Magazine

Been and Gone: Flick Colby, Edward Hardwicke and others

Pan's People with Flick Colby back row centre
Image caption Pan's People's moves were devised by Colby

Our regular column covering the passing of significant - but lesser-reported - people of the past month.

Teenagers in the early 1970s were often surprised when fathers joined them to watch Top of the Pops, but they quickly realised parental interest lay not in the music, but the dance group, Pan's People, led by Felicity "Flick" Colby. US-born Colby formed the troupe in London in 1966 and they were soon regulars on Top of the Pops, replacing an earlier group known as the Go-Jos. In the days before music videos, the dancers performed their sometimes raunchy routines when musicians were not available to come and mime their own tracks. Pan's People gave their last performance in 1976 and were replaced by the short-lived Ruby Flipper, also choreographed by Colby. However, BBC bosses were not happy with the mixed-sex line-up and Colby launched a new all-girl troupe, Legs & Co. They were replaced in 1981 by yet another Colby troupe known as Zoo. However, with the explosion in pop videos, the dancers were now relegated to performing behind the featured band, and Zoo were disbanded in 1983. Colby returned to the US where she married a professor and ran a gift shop.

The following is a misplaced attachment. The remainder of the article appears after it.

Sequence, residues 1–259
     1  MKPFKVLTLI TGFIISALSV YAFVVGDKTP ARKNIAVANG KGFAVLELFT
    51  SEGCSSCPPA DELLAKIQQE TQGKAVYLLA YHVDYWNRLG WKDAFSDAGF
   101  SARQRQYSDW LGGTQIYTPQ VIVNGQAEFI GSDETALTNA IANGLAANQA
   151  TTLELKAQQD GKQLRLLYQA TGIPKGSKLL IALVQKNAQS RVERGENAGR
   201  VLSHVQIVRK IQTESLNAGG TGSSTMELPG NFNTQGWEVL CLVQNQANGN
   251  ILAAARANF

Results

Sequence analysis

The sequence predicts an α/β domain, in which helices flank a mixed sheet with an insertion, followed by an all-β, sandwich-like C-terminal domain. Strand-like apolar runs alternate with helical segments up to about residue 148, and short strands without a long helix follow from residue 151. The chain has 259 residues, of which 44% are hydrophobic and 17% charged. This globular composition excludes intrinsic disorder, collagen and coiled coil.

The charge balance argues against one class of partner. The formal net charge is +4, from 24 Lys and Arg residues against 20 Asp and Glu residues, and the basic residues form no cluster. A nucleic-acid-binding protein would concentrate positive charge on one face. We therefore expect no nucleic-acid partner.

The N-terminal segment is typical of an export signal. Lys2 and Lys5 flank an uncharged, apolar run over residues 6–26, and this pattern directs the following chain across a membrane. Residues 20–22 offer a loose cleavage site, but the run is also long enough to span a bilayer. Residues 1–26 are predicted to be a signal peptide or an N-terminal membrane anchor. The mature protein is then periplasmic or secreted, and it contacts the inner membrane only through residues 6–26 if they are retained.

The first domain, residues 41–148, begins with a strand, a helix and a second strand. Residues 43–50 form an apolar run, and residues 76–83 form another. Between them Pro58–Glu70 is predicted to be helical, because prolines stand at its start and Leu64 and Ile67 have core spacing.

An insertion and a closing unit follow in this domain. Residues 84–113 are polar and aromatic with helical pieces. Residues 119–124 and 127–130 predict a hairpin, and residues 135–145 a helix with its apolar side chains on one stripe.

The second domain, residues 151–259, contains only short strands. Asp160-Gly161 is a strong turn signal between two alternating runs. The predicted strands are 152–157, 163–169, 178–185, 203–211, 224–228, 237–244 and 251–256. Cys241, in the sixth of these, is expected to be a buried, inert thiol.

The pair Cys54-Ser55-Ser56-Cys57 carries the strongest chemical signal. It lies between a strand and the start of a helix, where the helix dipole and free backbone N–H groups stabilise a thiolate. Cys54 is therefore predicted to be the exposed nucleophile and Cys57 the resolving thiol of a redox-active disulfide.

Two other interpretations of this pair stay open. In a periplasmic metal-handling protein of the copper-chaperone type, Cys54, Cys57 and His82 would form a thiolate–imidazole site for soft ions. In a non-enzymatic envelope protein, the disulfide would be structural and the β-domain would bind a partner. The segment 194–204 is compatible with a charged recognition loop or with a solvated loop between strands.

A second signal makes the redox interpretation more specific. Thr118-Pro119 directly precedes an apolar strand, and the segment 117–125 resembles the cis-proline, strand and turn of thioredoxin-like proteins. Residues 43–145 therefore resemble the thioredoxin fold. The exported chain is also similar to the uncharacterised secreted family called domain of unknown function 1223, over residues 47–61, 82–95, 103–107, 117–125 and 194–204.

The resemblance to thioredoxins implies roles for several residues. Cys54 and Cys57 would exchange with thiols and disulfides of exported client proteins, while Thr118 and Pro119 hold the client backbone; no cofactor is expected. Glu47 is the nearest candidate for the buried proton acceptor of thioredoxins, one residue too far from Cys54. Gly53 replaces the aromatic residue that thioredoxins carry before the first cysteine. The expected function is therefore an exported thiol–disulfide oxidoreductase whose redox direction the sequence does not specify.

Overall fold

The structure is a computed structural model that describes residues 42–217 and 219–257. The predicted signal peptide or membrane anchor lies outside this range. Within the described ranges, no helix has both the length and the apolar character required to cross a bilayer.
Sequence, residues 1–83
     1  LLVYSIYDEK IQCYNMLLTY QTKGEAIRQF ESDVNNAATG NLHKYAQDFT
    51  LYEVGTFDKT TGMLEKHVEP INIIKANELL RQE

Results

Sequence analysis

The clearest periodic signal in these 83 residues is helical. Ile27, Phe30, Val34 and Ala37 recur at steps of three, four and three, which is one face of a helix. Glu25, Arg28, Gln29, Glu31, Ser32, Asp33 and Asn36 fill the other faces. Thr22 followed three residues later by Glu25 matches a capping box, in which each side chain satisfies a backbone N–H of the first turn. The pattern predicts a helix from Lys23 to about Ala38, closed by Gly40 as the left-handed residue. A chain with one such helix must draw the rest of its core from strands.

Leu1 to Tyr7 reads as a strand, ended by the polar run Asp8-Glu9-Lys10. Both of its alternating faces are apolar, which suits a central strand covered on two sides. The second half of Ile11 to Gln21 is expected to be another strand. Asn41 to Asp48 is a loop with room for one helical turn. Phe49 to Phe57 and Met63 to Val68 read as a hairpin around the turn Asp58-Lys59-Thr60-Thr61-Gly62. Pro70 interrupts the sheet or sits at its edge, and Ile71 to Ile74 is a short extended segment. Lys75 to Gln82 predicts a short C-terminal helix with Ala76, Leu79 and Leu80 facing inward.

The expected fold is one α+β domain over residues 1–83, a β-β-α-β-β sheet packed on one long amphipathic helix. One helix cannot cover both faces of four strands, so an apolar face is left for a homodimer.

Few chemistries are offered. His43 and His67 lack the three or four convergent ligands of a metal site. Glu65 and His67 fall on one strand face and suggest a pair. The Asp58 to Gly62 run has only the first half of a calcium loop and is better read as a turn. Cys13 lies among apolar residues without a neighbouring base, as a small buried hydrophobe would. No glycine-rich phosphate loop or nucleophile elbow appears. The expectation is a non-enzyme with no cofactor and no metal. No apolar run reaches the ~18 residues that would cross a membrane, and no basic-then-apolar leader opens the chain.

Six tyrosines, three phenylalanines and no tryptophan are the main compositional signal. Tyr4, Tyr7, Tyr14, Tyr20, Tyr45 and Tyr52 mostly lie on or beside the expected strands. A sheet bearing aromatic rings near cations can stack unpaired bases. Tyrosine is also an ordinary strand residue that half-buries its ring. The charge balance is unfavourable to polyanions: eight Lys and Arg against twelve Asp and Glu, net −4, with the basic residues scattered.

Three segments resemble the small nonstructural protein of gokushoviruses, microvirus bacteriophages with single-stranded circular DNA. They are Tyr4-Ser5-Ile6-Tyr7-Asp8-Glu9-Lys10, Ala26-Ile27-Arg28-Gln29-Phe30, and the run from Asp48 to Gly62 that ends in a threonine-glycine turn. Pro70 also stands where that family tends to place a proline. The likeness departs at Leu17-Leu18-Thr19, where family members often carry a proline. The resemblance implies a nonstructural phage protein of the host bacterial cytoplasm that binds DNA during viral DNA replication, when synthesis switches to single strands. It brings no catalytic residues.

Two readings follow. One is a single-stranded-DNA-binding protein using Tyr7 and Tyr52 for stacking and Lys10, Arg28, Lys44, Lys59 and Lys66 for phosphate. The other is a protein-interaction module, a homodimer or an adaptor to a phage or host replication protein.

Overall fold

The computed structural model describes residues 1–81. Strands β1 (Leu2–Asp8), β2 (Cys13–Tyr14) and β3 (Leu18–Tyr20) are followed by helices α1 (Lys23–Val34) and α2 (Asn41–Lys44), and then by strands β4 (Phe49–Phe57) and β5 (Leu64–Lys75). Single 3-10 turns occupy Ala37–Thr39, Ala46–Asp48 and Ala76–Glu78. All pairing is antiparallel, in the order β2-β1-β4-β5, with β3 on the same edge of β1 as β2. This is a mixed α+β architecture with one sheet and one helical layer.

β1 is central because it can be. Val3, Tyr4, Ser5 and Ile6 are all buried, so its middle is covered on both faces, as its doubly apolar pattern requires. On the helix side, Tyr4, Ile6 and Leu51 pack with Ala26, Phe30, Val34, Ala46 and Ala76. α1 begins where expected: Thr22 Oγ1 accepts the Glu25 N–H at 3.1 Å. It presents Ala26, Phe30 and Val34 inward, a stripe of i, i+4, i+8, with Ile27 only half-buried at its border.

Image caption Janet Brown was perhaps best known for impersonating Mrs Thatcher

Several actresses have played the part of Margaret Thatcher, but few carried it off with the aplomb of Janet Brown. Born in Lanarkshire, Brown began acting after World War II, appearing in a number of stage and film roles throughout the 1950s. She was appearing as an impressionist on a TV show when the Iron Lady became Conservative leader and quickly added her to a repertoire which included Pam Ayres and Barbara Woodhouse. Brown became even more in demand when Thatcher became prime minister in 1979 and appeared regularly with the man who was then Britain's best known impressionist, Mike Yarwood. In 1981 she played the prime minister in the James Bond film, For Your Eyes Only. A change in viewing tastes, coupled with Thatcher's fall from power, saw Brown appear more often in TV dramas such as Casualty and Hotel Babylon. Brown once said that it was never her intention to portray Mrs Thatcher in a malicious way and indeed the two women often corresponded.

Acting also lost Dana Wynter, whose most famous role was in the 1950s sci-fi hit, Invasion of the Body Snatchers. Believed by many critics to be a veiled attack on McCarthyism, Wynter played the film's love interest, Becky Driscoll, who eventually fell victim to the Pod People. Hollywood cast her most often as an English Rose although she was actually born in Berlin, the daughter of a British surgeon and his Hungarian wife. She began acting while at school in South Africa before getting bit parts in various films including The Crimson Pirate, featuring Burt Lancaster, which was filmed at Teddington Studios in Middlesex. She moved to the US but, despite picking up a Golden Globe for most promising newcomer she failed to capitalise on her appearance in Body Snatchers and spent much of her later career in TV drama such as Hart to Hart and Magnum PI, although she did make a cameo appearance in the 1970 film Airport where she was reunited with Burt Lancaster.